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Preface and Introduction: Neuroexistentialism: Third-Wave Existentialism

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Document pages: 42 pages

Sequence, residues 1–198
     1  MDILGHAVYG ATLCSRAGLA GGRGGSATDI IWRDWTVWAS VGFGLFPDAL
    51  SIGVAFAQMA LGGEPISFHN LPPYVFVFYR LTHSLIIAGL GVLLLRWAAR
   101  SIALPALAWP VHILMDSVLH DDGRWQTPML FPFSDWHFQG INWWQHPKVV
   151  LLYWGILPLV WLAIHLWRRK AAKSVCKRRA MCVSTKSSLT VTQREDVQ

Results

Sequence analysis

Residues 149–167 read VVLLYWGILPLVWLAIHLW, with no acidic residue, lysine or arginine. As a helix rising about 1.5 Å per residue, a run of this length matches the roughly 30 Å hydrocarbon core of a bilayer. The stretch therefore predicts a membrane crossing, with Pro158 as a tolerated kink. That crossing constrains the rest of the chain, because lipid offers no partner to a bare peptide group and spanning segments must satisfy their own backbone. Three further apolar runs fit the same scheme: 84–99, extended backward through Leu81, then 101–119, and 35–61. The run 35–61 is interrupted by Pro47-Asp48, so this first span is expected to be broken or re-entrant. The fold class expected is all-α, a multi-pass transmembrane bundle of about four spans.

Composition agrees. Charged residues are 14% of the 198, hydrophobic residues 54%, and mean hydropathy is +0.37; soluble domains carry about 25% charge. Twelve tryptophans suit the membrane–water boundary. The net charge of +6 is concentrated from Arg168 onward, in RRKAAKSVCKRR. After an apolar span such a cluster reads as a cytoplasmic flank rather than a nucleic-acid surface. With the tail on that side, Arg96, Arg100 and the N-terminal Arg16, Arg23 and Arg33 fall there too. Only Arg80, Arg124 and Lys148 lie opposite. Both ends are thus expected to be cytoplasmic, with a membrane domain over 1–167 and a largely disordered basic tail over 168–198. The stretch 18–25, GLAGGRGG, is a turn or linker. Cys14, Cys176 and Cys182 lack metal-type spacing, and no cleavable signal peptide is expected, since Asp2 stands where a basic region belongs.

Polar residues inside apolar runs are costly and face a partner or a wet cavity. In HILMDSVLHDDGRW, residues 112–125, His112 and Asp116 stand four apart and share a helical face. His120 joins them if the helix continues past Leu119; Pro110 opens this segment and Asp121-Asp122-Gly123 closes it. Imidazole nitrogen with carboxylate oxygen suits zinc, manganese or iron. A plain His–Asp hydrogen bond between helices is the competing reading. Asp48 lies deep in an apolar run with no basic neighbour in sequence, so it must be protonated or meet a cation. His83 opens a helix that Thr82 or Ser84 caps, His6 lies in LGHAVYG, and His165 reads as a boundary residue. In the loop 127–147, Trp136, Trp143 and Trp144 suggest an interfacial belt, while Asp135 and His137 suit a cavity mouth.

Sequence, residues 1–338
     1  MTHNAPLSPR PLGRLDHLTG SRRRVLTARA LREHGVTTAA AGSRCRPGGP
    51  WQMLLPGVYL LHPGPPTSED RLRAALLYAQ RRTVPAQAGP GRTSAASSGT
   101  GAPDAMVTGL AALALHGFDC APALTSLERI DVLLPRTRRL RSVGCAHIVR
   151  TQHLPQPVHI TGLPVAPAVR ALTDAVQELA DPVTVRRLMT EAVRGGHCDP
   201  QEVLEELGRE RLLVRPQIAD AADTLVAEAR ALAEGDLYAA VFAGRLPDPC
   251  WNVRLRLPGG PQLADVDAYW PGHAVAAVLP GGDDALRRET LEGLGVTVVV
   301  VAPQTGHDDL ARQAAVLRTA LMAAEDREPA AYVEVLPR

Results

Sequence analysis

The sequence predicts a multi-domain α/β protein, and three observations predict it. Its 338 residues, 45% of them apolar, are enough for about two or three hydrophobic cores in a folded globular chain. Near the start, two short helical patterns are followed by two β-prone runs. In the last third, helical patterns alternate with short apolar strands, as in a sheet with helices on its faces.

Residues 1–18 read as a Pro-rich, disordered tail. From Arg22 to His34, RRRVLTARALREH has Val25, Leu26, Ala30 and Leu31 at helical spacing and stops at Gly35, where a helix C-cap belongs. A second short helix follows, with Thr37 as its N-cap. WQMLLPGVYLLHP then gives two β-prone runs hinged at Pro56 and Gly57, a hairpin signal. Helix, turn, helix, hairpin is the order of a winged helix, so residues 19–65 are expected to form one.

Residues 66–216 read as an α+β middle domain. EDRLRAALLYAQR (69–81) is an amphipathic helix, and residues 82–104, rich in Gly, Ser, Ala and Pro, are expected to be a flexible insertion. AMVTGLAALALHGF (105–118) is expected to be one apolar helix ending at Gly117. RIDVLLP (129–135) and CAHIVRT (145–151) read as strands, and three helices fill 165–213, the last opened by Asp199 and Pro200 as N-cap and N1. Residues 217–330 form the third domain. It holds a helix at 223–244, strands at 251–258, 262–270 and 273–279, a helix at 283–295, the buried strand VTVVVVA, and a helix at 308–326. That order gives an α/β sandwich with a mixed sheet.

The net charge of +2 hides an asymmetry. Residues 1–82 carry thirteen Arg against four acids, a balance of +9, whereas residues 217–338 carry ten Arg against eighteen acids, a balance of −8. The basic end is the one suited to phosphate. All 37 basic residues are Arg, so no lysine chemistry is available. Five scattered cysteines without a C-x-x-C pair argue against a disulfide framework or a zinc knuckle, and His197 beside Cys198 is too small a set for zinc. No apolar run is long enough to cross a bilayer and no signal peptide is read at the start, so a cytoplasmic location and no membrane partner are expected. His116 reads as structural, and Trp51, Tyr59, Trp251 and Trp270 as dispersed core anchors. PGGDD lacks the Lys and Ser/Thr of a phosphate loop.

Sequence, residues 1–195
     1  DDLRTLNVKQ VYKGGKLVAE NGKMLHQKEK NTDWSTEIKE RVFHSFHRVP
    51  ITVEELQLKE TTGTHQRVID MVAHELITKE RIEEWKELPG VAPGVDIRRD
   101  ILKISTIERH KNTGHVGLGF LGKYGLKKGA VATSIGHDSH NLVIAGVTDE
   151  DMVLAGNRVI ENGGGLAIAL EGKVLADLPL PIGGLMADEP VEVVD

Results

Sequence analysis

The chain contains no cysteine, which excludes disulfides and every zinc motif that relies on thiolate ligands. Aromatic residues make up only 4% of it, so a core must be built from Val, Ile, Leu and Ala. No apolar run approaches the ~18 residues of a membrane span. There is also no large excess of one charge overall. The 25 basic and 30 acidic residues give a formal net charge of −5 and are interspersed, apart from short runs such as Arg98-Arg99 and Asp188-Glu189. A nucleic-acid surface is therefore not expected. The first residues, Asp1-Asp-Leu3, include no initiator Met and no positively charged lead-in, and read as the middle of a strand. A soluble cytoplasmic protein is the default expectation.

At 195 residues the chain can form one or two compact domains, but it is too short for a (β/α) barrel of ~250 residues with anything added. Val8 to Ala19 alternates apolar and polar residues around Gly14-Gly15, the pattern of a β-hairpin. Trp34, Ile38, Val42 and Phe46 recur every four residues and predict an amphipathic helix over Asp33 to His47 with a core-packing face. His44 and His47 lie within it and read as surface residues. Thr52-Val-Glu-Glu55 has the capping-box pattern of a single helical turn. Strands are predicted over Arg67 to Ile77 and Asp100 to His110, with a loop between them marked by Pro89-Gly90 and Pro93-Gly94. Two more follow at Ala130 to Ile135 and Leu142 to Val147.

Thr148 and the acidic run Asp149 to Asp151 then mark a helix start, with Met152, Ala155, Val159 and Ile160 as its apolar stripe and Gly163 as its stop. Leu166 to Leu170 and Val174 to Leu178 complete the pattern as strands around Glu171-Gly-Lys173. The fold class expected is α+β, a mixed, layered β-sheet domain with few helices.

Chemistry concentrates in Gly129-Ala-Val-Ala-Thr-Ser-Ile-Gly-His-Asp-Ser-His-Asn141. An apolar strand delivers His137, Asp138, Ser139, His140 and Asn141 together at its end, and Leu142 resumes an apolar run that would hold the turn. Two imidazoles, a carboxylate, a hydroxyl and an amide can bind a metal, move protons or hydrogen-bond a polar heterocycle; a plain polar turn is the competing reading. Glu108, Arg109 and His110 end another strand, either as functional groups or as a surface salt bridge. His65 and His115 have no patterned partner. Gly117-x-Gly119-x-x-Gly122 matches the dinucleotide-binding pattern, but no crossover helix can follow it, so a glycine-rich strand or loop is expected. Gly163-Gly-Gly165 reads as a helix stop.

Abstract: Jean Paul Sartre (1946 2007) was correct when he said existentialism is a humanism. Existentialisms are responses to recognizable diminishments in the self-image of persons caused by social or political rearrangements or ruptures, and they typically involve two steps: (a) admission of the anxiety and an analysis of its causes, and (b) some sort of attempt to regain a positive, less anguished, more hopeful image of persons. What we call neuroexistentialism is a recent expression of existential anxiety over the nature of persons. Unlike previous existentialisms, neuroexistentialism is not caused by a problem with ecclesiastical authority as was the existentialism represented by Kierkegaard, Dostoevsky, and Nietzsche,1 nor by the shock of coming face to face with the moral horror of nation state actors and their citizens, in the mid- century existentialism of Sartre and Camus.2 Rather, neuroexistentialism is caused by the rise of the scientific authority of the human sciences, and a resultant clash between the scientific and the humanistic image of persons. Specifically, neuroexistentialism is 21st century anxiety over the way contemporary neuroscience helps secure in a particularly vivid way the message of Darwin from 150 years ago, that humans are animals — not half animal, not some percentage animal, not just above the animals, but one hundred percent animal, one kind of primate among the two-hundred or so species of primates. A person is one kind of fully material being living in a material world. Neuroexistentialism is what you get when Geisteswissenschaften reaches the stage where it finally and self-consciously exorcizes the geist, when at least among the cognoscendi, save some literature and divinity professors, no one takes seriously the Cartesian myth of the ghost in the machine (Ryle 1949). In this introduction, we explain in section I what neuroexistentialism is and how it is related to two earlier existentialisms. In section II, we explain how neuroexistentialism makes particularly vivid the clash between the humanistic and the scientific image of persons. In section III, we discuss the hard problem (Chalmers 1996) and the really hard problem (Flanagan 2007) and how they relate to neuroexistentialism. In section IV, we inquire into the causes and conditions of flourishing for material beings living in a material world, whose self-understanding includes the idea that such a world is the only kind of world that there is and thus that the meaning and significance of their lives, if there is any, must be found in such a world. We conclude in section V by providing a brief summary of the chapters to follow.

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